You can read the whole thing, but I’ll focus on the parts that seem key.
Developed for girls aged 6-12, DC Super Hero Girls centers on the female Super Heroes and Super-Villains of the DC Comics universe during their formative years–prior to discovering their full super power potential. Featuring a completely new artistic style and aesthetic, DC Comics’ icons such as Wonder Woman, Supergirl, Batgirl, Harley Quinn, Bumble Bee, Poison Ivy, Katana and many more make their unprecedented teenaged introduction. Each character has her own storyline that explores what teen life is like as a Super Hero, including discovering her unique abilities, nurturing her remarkable powers and mastering the fundamentals of being a hero.
It’s going to include books and Lego sets (which will presumably be in the “Friends” style) and “a line of characters for the action figure category, an area of the industry that has been primarily developed with boys in mind, and fashion dolls featuring strong, athletic bodies that stand on their own in heroic poses.”
Dolls that stand on their own? Heavens!
Funny – I thought we were supposed to not like when toy companies with theoretically gender-neutral appeal make gratuitously girl-targeted spin-offs like Lego Friends. I thought the problem with comics and action figures was that women weren’t included enough – not that they needed a separate-but-equal universe that’s equally polarizing. Then again, my wife was always fond of pink-box products aimed at girls, so maybe this is a good call. I’m just curious what action figures – as opposed to fashion dolls – aimed at girls will look like, and if they’re somehow different from She-Ra, who it seems to me was an action figure aimed at girls, and ought to take offense at Mattel claiming they’ve never done such a thing before. My cousin Ming used to love Kenner Super Powers – she just wished Wonder Woman wasn’t the only girl in the line. But she insisted they were already toys meant for girls.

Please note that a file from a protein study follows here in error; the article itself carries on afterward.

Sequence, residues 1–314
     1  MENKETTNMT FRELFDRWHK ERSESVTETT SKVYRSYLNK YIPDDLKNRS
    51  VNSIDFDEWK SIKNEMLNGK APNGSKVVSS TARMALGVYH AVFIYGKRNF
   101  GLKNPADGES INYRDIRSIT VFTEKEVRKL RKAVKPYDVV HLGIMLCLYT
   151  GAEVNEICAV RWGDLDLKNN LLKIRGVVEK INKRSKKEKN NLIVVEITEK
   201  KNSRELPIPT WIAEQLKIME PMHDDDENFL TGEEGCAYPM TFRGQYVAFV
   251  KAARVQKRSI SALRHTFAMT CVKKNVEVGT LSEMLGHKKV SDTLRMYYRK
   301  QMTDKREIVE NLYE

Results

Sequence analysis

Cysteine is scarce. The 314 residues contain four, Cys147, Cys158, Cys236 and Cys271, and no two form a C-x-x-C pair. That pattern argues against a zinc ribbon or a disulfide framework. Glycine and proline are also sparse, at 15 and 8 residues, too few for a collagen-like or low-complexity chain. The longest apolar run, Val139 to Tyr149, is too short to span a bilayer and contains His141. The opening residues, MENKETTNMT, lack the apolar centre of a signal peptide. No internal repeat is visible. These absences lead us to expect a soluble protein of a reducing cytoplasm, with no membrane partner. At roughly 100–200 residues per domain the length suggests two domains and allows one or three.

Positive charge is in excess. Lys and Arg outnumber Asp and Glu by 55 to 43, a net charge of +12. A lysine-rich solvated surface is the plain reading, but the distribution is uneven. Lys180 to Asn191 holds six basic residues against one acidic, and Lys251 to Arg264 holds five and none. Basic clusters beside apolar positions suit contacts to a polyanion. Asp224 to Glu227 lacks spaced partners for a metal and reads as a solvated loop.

It feels to me like the same thing WB and DC are doing in movies. “Oh, you like Marvel movies? Here’s our copy of that, mapped out for the next 20 years! Oh, you want stuff for girls? Here are a bunch of girl toys! We’ll call ’em ‘Super Hero Girls’ just so you know!” All style and market-speak.(You’ll never see them call a line “Super Hero Boys.” Once again, boys are the default and girls are the “other.”)
I think we have a podcast topic for Julia and me this week. And I shouldn’t have to say this, but a few recent incidents compel me to state outright: if we can avoid misogynist language in comments, that would be super, thanks.